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The Grid
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The new Yu Corporation building in L.A. has everything: a uniquely designed, impregnable exterior and "Abraham," an advanced, talking, evolving computer that has total control of the building management and security systems. Then a violent computer game short-circuits Abraham's programs. The mysterious deaths that result are only a prelude to brutal assaults on an assortment of squabbling policemen, architects, and project personnel sealed in by the next, maniacal generation of the computer, "Ishmael." Kerr's clever concept is marred by one-dimensional characters who do not involve the reader, a disappointment after such previous well-written thrillers as A Philosophical Investigation (LJ 3/15/93). Film rights for this British best seller have been sold. If the movie is made, there could be a demand for this title, but for now only large popular fiction collections need consider.‘V. Louise Saylor, Eastern Washington Univ. Lib., Cheney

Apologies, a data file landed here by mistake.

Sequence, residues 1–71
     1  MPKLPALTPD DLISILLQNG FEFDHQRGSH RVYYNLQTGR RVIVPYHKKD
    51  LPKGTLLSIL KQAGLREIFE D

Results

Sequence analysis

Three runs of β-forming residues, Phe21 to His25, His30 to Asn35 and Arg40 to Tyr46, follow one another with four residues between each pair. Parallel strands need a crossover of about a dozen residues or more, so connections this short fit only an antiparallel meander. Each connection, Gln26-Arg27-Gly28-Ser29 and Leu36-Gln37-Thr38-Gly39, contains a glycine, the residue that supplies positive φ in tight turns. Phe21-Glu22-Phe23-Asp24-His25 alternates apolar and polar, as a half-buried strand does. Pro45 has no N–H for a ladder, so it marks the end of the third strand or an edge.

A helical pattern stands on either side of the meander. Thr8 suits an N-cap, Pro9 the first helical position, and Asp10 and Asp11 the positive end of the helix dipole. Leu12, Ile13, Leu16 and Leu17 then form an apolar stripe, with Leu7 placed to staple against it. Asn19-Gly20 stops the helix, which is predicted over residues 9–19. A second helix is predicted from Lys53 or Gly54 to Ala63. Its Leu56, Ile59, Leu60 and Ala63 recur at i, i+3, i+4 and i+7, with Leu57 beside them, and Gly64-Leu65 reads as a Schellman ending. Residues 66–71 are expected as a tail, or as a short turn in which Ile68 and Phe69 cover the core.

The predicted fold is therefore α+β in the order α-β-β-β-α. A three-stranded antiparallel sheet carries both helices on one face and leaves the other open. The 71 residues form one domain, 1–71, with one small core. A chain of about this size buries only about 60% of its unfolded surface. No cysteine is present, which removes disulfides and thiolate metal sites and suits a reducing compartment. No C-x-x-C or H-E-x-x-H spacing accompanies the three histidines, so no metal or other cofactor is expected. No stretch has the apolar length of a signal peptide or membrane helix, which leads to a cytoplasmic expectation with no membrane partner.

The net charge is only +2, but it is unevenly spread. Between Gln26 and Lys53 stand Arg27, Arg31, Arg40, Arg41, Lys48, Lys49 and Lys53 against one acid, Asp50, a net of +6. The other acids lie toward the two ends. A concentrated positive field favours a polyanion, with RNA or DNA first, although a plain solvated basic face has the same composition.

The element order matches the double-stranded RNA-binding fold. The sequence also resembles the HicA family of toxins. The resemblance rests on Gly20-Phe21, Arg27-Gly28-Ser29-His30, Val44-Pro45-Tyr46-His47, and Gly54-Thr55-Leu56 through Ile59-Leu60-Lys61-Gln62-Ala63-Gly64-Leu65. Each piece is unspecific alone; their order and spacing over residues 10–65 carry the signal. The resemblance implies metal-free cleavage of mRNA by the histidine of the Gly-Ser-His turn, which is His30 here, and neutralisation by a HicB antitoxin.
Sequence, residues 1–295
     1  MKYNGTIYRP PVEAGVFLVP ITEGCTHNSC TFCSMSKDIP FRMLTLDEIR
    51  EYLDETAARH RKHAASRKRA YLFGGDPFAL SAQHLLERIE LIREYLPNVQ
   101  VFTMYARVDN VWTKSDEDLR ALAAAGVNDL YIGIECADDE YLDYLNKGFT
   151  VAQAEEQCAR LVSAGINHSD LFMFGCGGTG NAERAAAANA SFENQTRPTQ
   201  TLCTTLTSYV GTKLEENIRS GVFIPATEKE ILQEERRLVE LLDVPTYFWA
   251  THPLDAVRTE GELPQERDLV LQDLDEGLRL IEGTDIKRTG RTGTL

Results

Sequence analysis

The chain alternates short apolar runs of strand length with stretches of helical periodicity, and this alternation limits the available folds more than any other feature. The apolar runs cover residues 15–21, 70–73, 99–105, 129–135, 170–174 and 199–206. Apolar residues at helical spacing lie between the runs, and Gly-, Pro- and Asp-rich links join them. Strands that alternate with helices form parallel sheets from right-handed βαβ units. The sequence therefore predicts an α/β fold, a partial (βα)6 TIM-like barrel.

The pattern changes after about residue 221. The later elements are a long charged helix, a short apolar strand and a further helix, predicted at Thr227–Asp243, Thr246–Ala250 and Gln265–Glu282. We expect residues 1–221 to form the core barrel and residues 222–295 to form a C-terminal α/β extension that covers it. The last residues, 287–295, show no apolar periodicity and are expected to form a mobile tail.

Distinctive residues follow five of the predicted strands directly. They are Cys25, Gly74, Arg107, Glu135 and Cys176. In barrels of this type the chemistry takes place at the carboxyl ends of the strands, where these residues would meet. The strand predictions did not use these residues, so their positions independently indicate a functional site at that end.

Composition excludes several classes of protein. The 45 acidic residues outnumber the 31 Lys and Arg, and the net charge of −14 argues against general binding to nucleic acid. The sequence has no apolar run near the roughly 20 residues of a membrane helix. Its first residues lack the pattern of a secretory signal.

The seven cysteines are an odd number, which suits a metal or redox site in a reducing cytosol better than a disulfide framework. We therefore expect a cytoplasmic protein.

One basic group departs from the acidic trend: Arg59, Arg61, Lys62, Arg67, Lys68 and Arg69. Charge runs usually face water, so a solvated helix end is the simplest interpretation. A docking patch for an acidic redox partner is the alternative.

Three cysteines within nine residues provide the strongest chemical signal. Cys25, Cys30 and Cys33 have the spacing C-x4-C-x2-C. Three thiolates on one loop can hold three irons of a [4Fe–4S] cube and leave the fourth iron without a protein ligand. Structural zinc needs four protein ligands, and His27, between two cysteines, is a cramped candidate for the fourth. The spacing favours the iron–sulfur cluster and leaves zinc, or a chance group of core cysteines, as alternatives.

Computerphobia proves catching, and deliciously so, in Kerr's sixth thriller (after Dead Meat, 1994). Published last year in England as Gridiron, the novel made the London Sunday Times bestseller list and gained new prominence for its author, already well known as a "Best Young Novelist" on the Granta list. In L.A., within a new, omni-computerized building nicknamed the "Gridiron" because its crossbeamed structure resembles the markings on a football field, a computer expert is found slumped over his monitor, the apparent victim of an epileptic seizure. When a security guard is then discovered with his head crushed, two investigating homicide cops become trapped inside the totally automated building; so do the Gridiron's celebrated architect and his design team. They are now prisoners of the building's computer, Abraham, which can not only protect itself but can learn‘and spawn future-generation computers. In fact, Abraham, reacting to a command to take it temporarily offline, has already metamorphosed through two generations, copying the programs of several combat and strategy computer games along the way. Now Ishmael is directing its chips toward protecting its "castle" from the "humanplayers," whom it intends to kill off, one by one. Though Kerr plunders and combines several familiar story elements (e.g, the skyscraper as death trap, seen in Thomas N. Scortia and Frank Robinson's The Glass Inferno, and the runaway CPU with its shades of Hal in Arthur C. Clarke's 2001: A Space Odyssey), this mindbending thriller, sure and savvy, will make readers think twice the next time they enter a high-rise‘and thrice the next time they boot up a computer.. Film rights to Polygram. (Apr.)

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